The signs that summer is coming to an end are in full force. The days are a little shorter, the air is a bit chillier, and the flowers are becoming few and far between.
With the warning signs of fall, we can start preparing our busy beehives for the gloomy weather to come, which means it is time to extract that excess honey. However, the question needs to be asked, what qualifies as excess and how much do we leave for our wintering colonies?
Honeybees, as you may have noticed in your gardens, are very hard workers. They fly from flower to flower tirelessly collecting pollen and nectar. As mentioned in a previous article, honey is the product of nectar. Honeybees will continuously collect nectar as long as they have the space to store it in their hive, a strong workforce to forage and if nectar-producing flowers are in abundance. So honey production could be quite significant.
But how do you know if you have enough of the honey to extract for yourself?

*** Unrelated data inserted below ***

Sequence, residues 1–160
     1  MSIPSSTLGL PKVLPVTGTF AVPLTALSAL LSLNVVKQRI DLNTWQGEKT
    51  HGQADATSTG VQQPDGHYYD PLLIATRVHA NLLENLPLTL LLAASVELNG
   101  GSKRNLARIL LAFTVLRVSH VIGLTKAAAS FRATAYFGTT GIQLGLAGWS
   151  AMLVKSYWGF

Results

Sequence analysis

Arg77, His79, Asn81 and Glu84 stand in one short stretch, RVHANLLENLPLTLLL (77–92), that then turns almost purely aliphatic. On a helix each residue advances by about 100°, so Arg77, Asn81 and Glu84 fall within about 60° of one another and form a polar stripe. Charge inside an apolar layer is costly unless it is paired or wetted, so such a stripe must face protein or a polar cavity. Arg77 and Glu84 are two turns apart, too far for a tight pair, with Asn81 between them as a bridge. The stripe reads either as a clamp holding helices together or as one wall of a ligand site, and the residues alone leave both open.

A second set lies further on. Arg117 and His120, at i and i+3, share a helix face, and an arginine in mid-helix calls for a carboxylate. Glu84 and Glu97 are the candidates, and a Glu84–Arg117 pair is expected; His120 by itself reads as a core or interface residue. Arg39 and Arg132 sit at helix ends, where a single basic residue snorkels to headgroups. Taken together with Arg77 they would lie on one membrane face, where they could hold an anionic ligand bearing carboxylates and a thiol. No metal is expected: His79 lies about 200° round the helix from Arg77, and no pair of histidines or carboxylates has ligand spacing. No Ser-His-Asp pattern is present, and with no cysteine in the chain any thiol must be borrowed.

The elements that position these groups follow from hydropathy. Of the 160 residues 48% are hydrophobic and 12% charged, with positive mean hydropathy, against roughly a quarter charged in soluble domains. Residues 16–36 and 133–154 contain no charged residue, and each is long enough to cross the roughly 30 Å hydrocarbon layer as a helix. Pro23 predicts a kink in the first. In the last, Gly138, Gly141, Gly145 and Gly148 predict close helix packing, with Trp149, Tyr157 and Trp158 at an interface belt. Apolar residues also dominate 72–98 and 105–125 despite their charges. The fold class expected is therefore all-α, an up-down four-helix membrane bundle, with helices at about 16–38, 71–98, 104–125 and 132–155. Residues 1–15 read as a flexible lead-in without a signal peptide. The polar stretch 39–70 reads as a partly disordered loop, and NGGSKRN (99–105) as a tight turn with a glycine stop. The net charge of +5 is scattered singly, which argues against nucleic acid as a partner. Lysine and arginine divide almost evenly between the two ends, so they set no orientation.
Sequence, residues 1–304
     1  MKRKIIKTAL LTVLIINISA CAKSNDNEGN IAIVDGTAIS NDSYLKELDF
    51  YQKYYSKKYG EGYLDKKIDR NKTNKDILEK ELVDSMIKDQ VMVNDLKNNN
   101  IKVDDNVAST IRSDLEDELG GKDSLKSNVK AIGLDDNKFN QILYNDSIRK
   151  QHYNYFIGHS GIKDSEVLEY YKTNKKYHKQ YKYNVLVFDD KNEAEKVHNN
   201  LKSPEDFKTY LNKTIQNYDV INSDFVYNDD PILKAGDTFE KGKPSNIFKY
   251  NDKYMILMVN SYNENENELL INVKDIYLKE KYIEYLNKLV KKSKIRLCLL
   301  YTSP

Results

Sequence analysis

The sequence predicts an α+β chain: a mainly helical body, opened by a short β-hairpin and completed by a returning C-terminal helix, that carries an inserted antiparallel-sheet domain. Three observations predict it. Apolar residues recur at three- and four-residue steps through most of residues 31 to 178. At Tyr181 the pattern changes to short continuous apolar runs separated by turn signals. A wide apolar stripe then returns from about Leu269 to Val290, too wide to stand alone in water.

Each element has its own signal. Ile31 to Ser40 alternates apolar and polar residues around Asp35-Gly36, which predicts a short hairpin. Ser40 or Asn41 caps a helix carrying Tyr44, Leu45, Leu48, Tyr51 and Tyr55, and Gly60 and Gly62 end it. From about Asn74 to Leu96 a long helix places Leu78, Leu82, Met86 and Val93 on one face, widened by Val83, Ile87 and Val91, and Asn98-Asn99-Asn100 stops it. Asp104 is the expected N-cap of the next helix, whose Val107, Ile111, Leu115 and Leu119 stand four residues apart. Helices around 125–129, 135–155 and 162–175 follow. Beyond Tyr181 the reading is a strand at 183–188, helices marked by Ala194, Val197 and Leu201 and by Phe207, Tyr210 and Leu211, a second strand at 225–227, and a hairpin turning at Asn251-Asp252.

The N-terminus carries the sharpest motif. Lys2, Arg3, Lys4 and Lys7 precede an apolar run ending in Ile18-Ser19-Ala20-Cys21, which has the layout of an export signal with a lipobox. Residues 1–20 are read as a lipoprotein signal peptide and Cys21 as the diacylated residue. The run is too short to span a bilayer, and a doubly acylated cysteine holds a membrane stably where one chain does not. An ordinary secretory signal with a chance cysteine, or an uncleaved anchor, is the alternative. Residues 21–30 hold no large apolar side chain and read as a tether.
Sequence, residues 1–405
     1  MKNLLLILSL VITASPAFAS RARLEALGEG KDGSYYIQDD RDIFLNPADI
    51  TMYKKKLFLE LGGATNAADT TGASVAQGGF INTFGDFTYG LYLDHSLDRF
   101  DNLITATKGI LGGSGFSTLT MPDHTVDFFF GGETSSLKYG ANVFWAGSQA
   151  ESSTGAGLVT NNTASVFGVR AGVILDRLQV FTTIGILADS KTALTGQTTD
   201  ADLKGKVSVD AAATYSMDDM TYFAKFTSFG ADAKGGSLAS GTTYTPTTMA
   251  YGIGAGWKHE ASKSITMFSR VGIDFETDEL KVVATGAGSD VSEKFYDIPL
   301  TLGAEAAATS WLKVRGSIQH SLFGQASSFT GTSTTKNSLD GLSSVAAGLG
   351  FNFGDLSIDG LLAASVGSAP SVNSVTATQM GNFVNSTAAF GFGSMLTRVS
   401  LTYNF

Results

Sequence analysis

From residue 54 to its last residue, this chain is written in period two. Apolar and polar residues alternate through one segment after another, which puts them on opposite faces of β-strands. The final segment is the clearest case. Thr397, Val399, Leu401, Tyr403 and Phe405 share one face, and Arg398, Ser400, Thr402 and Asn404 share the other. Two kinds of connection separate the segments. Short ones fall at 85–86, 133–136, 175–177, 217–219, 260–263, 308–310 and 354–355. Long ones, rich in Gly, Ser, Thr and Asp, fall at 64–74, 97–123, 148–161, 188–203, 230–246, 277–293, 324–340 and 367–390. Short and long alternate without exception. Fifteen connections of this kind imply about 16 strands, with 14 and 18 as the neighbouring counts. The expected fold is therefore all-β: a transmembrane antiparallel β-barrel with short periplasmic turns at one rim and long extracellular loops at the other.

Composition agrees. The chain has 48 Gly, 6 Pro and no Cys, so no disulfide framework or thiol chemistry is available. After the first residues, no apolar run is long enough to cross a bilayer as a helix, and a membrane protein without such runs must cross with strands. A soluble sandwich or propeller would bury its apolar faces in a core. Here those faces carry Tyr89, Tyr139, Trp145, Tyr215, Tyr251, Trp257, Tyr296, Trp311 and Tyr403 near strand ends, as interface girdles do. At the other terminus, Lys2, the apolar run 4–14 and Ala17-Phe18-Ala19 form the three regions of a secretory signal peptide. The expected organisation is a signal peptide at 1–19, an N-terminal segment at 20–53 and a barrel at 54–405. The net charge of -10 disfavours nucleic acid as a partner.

The answer may vary depending on your geographic location. Here in the Comox Valley, you want to ensure you leave approximately 40-50 pounds of honey per box in your hive for winter. That works out to be around five deep frames of capped honey. I would suggest keeping a few extra frames of honey in your storage as a safety net and anything in excess of that, you can extract!
A common mistake is removing the ‘honey super’ or the box above the queen excluder, and extracting the frames prior to inspecting the rest of the hive. This is a mistake because your brood box (the bottom box with all the babies) may not have produced those five frames of honey needed for winter. You want to ensure you do a thorough inspection prior to extraction. Remember, the honey frames you leave for your colony are used to feed the honeybees from winter all the way until first bloom. If extra winter help is needed you can supplement feed with fondant or granulated sugar recipes.
A helpful tip would be removing honey frames from your hive in the early morning or later in the evening when robbing (when neighboring hives steal each other’s food stores) is less likely to occur and you encounter less bee traffic from foraging workers. Having a bee brush on hand is helpful, or placing a bee escape in between your ‘wintering’ boxes and the excess honey could make this experience less invasive and seamless. In addition, ensure your honey extraction occurs inside as the sweet smell of honey will attract neighboring pollinators to your whereabouts!
For more tips on honey extraction, email email@example.com
Rachel Halliwell is a Bee Master Certified beekeeper in the Comox Valley. Her website is www.homegrownbee.ca